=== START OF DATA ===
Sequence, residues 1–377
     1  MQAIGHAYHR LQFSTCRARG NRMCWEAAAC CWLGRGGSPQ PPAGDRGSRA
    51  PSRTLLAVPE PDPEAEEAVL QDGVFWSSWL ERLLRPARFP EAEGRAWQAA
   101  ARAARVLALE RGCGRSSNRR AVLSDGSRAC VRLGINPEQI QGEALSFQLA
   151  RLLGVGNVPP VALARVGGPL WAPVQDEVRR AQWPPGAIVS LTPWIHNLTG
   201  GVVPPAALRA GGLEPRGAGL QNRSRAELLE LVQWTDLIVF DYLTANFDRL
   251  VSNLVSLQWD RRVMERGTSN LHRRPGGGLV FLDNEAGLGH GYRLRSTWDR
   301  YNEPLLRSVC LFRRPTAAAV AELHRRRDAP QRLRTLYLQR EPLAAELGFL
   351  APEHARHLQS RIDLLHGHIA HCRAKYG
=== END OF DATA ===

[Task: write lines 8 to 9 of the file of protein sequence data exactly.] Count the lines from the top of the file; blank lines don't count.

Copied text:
   301  YNEPLLRSVC LFRRPTAAAV AELHRRRDAP QRLRTLYLQR EPLAAELGFL
   351  APEHARHLQS RIDLLHGHIA HCRAKYG